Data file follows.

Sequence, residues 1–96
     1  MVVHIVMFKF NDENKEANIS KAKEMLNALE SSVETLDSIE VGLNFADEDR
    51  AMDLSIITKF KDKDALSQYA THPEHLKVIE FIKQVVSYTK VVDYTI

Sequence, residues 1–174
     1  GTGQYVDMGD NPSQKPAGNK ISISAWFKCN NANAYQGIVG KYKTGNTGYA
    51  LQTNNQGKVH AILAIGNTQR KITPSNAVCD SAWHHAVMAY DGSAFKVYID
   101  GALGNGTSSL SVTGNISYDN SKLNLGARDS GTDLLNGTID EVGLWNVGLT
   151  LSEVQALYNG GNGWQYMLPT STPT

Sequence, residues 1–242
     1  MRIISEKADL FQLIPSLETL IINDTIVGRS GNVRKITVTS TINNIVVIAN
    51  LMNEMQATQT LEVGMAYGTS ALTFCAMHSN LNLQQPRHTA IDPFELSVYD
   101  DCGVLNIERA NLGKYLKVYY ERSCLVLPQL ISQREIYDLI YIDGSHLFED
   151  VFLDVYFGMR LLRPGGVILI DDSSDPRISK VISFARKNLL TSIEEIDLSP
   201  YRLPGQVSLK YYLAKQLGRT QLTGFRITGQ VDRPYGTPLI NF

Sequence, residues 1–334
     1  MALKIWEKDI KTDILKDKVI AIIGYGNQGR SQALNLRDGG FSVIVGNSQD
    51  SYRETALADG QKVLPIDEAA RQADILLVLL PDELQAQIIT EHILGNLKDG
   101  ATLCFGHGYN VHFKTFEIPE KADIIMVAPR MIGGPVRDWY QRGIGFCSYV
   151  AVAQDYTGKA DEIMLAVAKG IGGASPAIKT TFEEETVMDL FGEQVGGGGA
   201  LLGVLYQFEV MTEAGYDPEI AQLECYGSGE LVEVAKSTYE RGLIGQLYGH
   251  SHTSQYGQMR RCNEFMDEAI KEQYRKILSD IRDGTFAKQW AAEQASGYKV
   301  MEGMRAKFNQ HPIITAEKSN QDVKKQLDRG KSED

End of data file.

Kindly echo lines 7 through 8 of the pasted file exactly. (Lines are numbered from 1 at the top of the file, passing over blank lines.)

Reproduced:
   101  GALGNGTSSL SVTGNISYDN SKLNLGARDS GTDLLNGTID EVGLWNVGLT
   151  LSEVQALYNG GNGWQYMLPT STPT